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Two Gallons – Three Containers

May 10, 2022

Last weekend I replaced the thermostat in my lovely wife’s car. (I Wasn’t Sure That Was Going To Work.) When you replace the thermostat, (it looks like this, BTW)

You have to drain out most of the radiator coolant. The Yukon my lovely wife drives takes 18 quarts of antifreeze. That’s four and a half gallons. I didn’t have to replace all of it, but I certainly needed to replace several gallons.

Antifreeze comes in two flavors and two strengths. The two flavors are green and orange. Generally Japanese cars take green antifreeze. American cars typically take orange. Those are BROAD generalizations. Not every car follows that rule. But, if you are replacing, or even topping off the anti freeze, you should check and figure out which flavor your car needs. It’s not a good idea to mix them.

The Yukon takes orange antifreeze.

The two strengths are “diluted” and ‘full strength.’ If you buy the diluted strength you can immediately add it to your car. It costs about $14 per gallon. If you get full strength, you have to dilute it. Literally you cut it 50/50 with water. And not just ANY water. Tap water is TERRIBLE for your radiator. There’s minerals in tap water that will clog up your radiator.

So, I had a gallon of full strength orange antifreeze and a gallon of distilled water. I also had an empty antifreeze container.

Question: How to ensure they are evenly mixed?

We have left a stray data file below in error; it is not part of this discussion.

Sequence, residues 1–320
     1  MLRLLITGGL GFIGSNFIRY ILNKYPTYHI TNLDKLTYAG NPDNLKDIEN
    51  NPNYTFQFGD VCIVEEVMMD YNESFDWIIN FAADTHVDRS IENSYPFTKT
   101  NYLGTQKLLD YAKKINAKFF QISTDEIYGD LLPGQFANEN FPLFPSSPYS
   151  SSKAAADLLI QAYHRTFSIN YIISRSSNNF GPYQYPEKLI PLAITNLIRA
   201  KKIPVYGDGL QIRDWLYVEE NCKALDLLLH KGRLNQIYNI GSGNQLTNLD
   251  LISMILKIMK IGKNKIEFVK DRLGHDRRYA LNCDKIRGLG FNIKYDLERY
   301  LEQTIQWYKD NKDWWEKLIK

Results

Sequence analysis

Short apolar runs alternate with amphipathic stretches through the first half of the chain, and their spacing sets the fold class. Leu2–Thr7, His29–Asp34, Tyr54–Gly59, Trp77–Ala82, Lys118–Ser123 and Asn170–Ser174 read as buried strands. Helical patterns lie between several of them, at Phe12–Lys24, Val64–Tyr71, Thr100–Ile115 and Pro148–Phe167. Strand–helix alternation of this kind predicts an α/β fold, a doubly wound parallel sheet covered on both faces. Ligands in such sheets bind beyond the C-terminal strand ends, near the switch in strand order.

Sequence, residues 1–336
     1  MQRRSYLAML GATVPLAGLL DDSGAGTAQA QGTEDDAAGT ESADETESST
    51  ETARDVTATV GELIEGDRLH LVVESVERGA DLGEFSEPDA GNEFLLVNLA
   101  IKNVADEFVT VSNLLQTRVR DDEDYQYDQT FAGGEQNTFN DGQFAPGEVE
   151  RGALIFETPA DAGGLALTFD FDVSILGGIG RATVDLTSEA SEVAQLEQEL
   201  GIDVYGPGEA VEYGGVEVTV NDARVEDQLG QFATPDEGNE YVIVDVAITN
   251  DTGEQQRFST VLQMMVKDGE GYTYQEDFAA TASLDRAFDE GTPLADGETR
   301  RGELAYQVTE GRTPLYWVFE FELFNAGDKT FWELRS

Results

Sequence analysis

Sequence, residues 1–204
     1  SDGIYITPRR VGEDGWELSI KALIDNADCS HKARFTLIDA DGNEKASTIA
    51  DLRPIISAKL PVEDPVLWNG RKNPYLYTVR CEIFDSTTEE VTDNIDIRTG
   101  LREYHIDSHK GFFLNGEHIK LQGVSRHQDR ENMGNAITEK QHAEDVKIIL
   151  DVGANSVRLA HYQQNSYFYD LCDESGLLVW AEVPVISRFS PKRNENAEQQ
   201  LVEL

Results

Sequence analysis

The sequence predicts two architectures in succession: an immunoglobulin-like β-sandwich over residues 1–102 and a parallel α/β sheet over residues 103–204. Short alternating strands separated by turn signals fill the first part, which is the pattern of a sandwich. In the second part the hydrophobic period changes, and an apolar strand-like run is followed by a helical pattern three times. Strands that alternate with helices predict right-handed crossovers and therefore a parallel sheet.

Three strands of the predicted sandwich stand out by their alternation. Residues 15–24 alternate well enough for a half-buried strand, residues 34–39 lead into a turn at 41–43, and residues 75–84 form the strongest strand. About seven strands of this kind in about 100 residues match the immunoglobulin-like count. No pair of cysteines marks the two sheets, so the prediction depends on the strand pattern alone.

The question would have been easy if the antifreeze containers had a spot on the side to show how full they are. Some antifreeze containers have that. And all containers of oil have it. Unfortunately mine did not.

I could guess, right? I pour “about” half the antifreeze into the empty container and then top it off with water. But, I’m not going to be exact. Chances are 50/50 that I’ll put too much antifreeze in one container and then realize it when I go to fill it up with water. I would be stuck at that point. I would have diluted antifreeze that I couldn’t correct.

I suppose I could have poured the water into the empty container, then poured half the antifreeze into the opaque water jug.

I came up with a different solution that didn’t involve quite so much pouring back and forth.

I poured slightly less than half of the antifreeze into the empty container. Then, I poured exactly half the water into that same container. I then “topped off” that container with antifreeze. Since I knew there was exactly a half gallon of water and the container was a one gallon container, I didn’t have to measure the antifreeze. I just had to make sure there was less than half a gallon when started.

It’s not quite the riddle from Die Hard. But, I felt pretty pleased. (And the car no longer was overheating, so that was a bonus.)

Stay safe

Rodney M Bliss is an author, columnist and IT Consultant. His blog updates every weekday. He lives in Pleasant Grove, UT with his lovely wife, thirteen children and grandchildren. Order Miscellany II, an anthology including his latest short story, “The Mercy System” here

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